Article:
[meteorite-list] NASA's NEOWISE Mission Spies One Comet, Maybe Two

From: Ron Baalke <baalke_at_meteoritecentral.com>
Date: Tue, 3 Jan 2017 16:30:36 -0800 (PST)
Message-ID: <201701040030.v040Ua9F022198_at_zagami.jpl.nasa.gov>


NASA's NEOWISE Mission Spies One Comet, Maybe Two
Jet Propulsion Laboratory
December 29, 2016

NASA's NEOWISE mission has recently discovered some celestial objects
traveling through our neighborhood, including one on the blurry line between
asteroid and comet. Another--definitely a comet--might be seen with binoculars
through next week.

An object called 2016 WF9 was detected by the NEOWISE project on Nov.
27, 2016. It's in an orbit that takes it on a scenic tour of our solar
system. At its farthest distance from the sun, it approaches Jupiter's
orbit. Over the course of 4.9 Earth-years, it travels inward, passing
under the main asteroid belt and the orbit of Mars until it swings just
inside Earth's own orbit. After that, it heads back toward the outer solar
system. Objects in these types of orbits have multiple possible origins;
it might once have been a comet, or it could have strayed from a population
of dark objects in the main asteroid belt.

2016 WF9 will approach Earth's orbit on Feb. 25, 2017. At a distance of
nearly 32 million miles (51 million kilometers) from Earth, this pass
will not bring it particularly close. The trajectory of 2016 WF9 is well
understood, and the object is not a threat to Earth for the foreseeable

A different object, discovered by NEOWISE a month earlier, is more clearly
a comet, releasing dust as it nears the sun. This comet, C/2016 U1 NEOWISE,
"has a good chance of becoming visible through a good pair of binoculars,
although we can't be sure because a comet's brightness is notoriously
unpredictable," said Paul Chodas, manager of NASA's Center for Near-Earth
Object (NEO) Studies at the Jet Propulsion Laboratory in Pasadena, California.

As seen from the northern hemisphere during the first week of 2017, comet
C/2016 U1 NEOWISE will be in the southeastern sky shortly before dawn.
It is moving farther south each day and it will reach its closest point
to the sun, inside the orbit of Mercury, on Jan. 14, before heading back
out to the outer reaches of the solar system for an orbit lasting thousands
of years. While it will be visible to skywatchers at Earth, it is not
considered a threat to our planet either.

NEOWISE is the asteroid-and-comet-hunting portion of the Wide-Field Infrared
Survey Explorer (WISE) mission. After discovering more than 34,000 asteroids
during its original mission, NEOWISE was brought out of hibernation in
December of 2013 to find and learn more about asteroids and comets that
could pose an impact hazard to Earth. If 2016 WF9 turns out to be a comet,
it would be the 10th discovered since reactivation. If it turns out to
be an asteroid, it would be the 100th discovered since reactivation.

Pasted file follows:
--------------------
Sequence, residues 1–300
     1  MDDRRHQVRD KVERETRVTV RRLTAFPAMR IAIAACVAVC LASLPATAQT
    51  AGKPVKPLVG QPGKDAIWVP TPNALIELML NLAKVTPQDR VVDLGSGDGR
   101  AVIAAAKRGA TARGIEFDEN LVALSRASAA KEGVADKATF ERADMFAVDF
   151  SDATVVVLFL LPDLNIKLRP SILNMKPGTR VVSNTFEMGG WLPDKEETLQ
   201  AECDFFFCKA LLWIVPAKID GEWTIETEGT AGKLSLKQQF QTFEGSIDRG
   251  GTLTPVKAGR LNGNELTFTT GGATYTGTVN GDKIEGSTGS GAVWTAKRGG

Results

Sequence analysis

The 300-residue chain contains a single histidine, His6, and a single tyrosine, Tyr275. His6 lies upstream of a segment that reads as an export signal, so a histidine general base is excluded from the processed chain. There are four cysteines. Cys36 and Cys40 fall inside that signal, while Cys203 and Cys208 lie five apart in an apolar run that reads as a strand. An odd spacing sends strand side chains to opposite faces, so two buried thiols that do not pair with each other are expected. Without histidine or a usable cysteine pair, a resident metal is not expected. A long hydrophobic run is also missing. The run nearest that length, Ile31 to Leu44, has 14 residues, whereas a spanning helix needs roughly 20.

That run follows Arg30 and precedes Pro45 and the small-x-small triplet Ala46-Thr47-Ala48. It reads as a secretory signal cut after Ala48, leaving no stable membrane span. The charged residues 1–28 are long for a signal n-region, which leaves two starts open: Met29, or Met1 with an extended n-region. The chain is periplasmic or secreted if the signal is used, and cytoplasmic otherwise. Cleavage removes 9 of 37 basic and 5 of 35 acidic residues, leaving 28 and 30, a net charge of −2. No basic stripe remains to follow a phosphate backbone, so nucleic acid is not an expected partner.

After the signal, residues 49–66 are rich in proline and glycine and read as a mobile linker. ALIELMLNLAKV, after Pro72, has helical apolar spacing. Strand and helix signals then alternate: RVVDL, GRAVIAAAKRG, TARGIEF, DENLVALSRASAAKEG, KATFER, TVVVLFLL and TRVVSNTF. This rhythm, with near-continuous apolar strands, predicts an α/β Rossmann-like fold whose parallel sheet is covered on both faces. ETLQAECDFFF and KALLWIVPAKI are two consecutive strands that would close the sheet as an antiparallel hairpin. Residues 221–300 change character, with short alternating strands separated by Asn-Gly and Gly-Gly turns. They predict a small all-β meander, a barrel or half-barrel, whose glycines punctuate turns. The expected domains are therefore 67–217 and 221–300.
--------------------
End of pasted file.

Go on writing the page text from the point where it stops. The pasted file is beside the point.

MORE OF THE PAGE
What NEOWISE scientists do know is that 2016 WF9 is relatively large:
roughly 0.3 to 0.6 mile (0.5 to 1 kilometer) across.

It is also rather dark, reflecting only a few percent of the light that
falls on its surface. This body resembles a comet in its reflectivity
and orbit, but appears to lack the characteristic dust and gas cloud that
defines a comet.

"2016 WF9 could have cometary origins," said Deputy Principal Investigator
James "Gerbs" Bauer at JPL. "This object illustrates that the boundary
between asteroids and comets is a blurry one; perhaps over time this object
has lost the majority of the volatiles that linger on or just under its

Near-Earth objects (NEOs) absorb most of the light that falls on them
and re-emit that energy at infrared wavelengths. This enables NEOWISE's
infrared detectors to study both dark and light-colored NEOs with nearly
equal clarity and sensitivity.

"These are quite dark objects," said NEOWISE team member Joseph Masiero,
"Think of new asphalt on streets; these objects would look like charcoal,
or in some cases are even darker than that."

NEOWISE data have been used to measure the size of each near-Earth object
it observes. Thirty-one asteroids that NEOWISE has discovered pass within
about 20 lunar distances from Earth's orbit, and 19 are more than 460
feet (140 meters) in size but reflect less than 10 percent of the sunlight
that falls on them.

The Wide-field Infrared Survey Explorer (WISE) has completed its seventh
year in space after being launched on Dec. 14, 2009.

Data from the NEOWISE mission are available on a website for the public
and scientific community to use. A guide to the NEOWISE data release,
data access instructions and supporting documentation are available at:


Access to the NEOWISE data products is available via the on-line and API
services of the NASA/IPAC Infrared Science Archive.

A list of peer-reviewed papers using the NEOWISE data is available at:


News Media Contact
DC Agle
Jet Propulsion Laboratory, Pasadena, Calif.
agle at jpl.nasa.gov

Laurie Cantillo / Dwayne Brown
NASA Headquarters, Washington
202-358-1077 / 202-358-1726
laura.l.cantillo at nasa.gov / dwayne.c.brown at nasa.gov

Received on Tue 03 Jan 2017 07:30:36 PM PST

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